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Role of the Arbitrator.

Posted on 06/06/2016 · Posted in Arbitration

As arbitration becomes an increasingly attractive alternative way of resolving disputes compared to lengthy and often expensive court proceedings, arbitrators are ever more in demand and their roles increasingly important. Arbitration is often favoured over formal litigation not only from a cost and time efficiency perspective, but also because it often offers more practical solutions, and as a process is structured specifically to facilitate resolution.

Thus the arbitrator’s role is a crucial one, and one that demands a unique combination of experience, knowledge and skill. It is increasingly common to find arbitration clauses in consumer and business contracts, and its prevalence only attests to its usefulness as a dispute resolution method.

What does an Arbitrator do?

Not unlike a judge in a court proceeding, an arbitrator is an independent and impartial third party who carefully considers and analyses the evidence put before him or her, drawing on his or her knowledge of relevant laws and policies in order to weigh up each party’s case and make a resulting ruling. However, unlike a judge, an arbitrator is actually chosen by the disputing parties in lieu of formal court proceedings, and may be selected specifically for his or her industry knowledge particularly in complex cases where specialised expertise might be required.

An arbitrator will often encourage collaborative communication between disputing parties in an attempt to reach settlement before official arbitration proceedings begin, and throughout proceedings will act as a referee, facilitating discussion. If a settlement is reached, the arbitrator will then draft a settlement agreement.

If settlement cannot be reached and the parties move to formal (binding) arbitration proceedings, an arbitrator acts like a judge in reviewing and interpreting all the evidence presented to him or her (this may include witness statements, testimony, documentation and so on), applying the relevant laws and rules to the arbitration, and then making a final decision or ‘award’ which – like a judge’s – is final and binding, and can only be appealed against in certain unique circumstances. Non-binding arbitrations can later be taken to court if clients are dissatisfied with the process or its outcome, whereas binding arbitrations are generally upheld to be such, by practitioners and by courts.

We are made wise not by the recollection of our past, but by the responsibility for our future”
George Bernard Shaw

What ethics are Arbitrators bound by?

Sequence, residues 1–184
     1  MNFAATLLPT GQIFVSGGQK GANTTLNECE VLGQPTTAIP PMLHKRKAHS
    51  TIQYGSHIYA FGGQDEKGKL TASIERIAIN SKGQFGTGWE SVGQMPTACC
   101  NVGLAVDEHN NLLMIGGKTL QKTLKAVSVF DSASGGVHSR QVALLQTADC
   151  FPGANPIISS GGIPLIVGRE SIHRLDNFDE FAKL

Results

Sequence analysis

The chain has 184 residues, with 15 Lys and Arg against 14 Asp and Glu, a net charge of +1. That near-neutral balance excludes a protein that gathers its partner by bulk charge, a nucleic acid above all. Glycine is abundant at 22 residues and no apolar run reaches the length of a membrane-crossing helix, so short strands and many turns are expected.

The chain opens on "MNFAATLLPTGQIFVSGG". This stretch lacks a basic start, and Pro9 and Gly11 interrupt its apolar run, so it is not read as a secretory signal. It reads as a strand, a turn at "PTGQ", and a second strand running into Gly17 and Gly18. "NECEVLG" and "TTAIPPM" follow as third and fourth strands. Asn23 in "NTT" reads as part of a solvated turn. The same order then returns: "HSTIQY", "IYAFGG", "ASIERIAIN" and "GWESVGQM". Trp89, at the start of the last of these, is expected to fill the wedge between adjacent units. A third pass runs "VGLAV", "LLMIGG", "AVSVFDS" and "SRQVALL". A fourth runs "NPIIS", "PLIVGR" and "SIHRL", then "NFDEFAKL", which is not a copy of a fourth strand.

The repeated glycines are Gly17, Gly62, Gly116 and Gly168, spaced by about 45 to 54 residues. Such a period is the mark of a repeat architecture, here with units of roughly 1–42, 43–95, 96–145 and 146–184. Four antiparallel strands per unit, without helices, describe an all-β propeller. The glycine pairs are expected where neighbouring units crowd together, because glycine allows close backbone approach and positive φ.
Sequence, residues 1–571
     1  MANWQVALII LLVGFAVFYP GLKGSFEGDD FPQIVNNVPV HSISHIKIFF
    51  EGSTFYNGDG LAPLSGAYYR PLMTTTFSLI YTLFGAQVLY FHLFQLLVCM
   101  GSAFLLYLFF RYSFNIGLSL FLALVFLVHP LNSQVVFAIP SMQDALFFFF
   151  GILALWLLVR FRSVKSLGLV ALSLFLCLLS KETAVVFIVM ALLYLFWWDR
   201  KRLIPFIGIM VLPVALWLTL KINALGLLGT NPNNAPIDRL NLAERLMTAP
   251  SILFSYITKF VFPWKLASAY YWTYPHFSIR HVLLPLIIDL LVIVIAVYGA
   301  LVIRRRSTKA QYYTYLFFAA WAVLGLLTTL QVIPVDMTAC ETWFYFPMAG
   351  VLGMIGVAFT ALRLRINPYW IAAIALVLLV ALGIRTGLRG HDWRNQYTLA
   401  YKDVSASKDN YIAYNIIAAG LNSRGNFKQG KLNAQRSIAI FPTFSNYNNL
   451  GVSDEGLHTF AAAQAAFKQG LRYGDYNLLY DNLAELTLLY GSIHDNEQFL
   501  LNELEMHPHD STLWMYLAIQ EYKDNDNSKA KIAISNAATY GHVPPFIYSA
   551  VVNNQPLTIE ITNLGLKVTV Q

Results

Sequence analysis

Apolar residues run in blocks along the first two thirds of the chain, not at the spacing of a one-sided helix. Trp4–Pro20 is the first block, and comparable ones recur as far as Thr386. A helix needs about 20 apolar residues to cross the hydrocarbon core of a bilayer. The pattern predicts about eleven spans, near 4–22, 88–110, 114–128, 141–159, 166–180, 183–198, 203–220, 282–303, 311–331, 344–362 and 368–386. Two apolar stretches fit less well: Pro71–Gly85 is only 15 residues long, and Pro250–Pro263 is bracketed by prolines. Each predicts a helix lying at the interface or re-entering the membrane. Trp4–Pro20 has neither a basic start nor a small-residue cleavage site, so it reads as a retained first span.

As well as the multiple and sometimes complex practical responsibilities arbitrators assume, there are also a number of non-binding ethical codes for arbitrators, some of which are set out in the Arbitration Act, while others have been developed by judges and can be found in the common law. Section 33 of The Arbitration Act 1996 states that “the tribunal shall—(a) act fairly and impartially as between the parties, giving each party a reasonable opportunity of putting his case and dealing with that of his opponent, and (b) adopt procedures suitable to the circumstances of the particular case, avoiding unnecessary delay or expense, so as to provide a fair means for the resolution of the matters falling to be determined.”

For clients new to alternative dispute resolution methods, it may feel like a leap of faith placing one’s trust in somebody outside of the court. However, arbitrators, like lawyers, are well regulated by external bodies such as the International Chamber of Commerce (ICC), to uphold the same core values that are enshrined in the court system. Expert Evidence’s experts are no different, and are approved by external bodies such as the Expert Witness Institute, Sweet and Maxwell, and the UK register of Expert Witnesses.

Who can become an Arbitrator?

The law does not impose restrictions on who can become an arbitrator, and an arbitrator does not need to have formal legal training. In fact, where disputes revolve around a specific industry, the disputing parties’ priority may be to seek to appoint an arbitrator who has experience in that sector and therefore understands its context and complexities. Either way, becoming a professional arbitrator is a rigorous process, involving substantial training and practical experience. In the UK, the Chartered Institute of Arbitrators trains and accredits practitioners to know and apply all the relevant laws, and to determine awards based on evaluation of all the evidence put before them.

Choosing an arbitrator

As one of the most exciting characteristics of arbitration is that clients have the agency to choose who hears and determines the outcome of their dispute, how does one make the important decision of choosing an arbitrator? It is often helpful to consider both an arbitrator’s legal experience and their field of expertise outside of law. Often arbitrators are chosen via word of mouth recommendation, however if such an opportunity doesn’t arise one may find expert directories helpful, such as the one mentioned below.

For more help on choosing an expert, see Expert Evidence’s list of experts:

Expert Evidence is a professional firm concentrating on the four main areas of dispute resolution; acting as expert witnesses in financial litigation, mediation, arbitration and adjudication. The firm has a civil, criminal and international practice and has advised in many recent cases. Areas of specialisation include banking, lending, regulation, investment, and tax.

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Disclaimer – Please confirm any of the above views with your solicitor. Expert Evidence takes no responsibility or provides any guarantee that the views above are correct for your particular case or jurisdiction.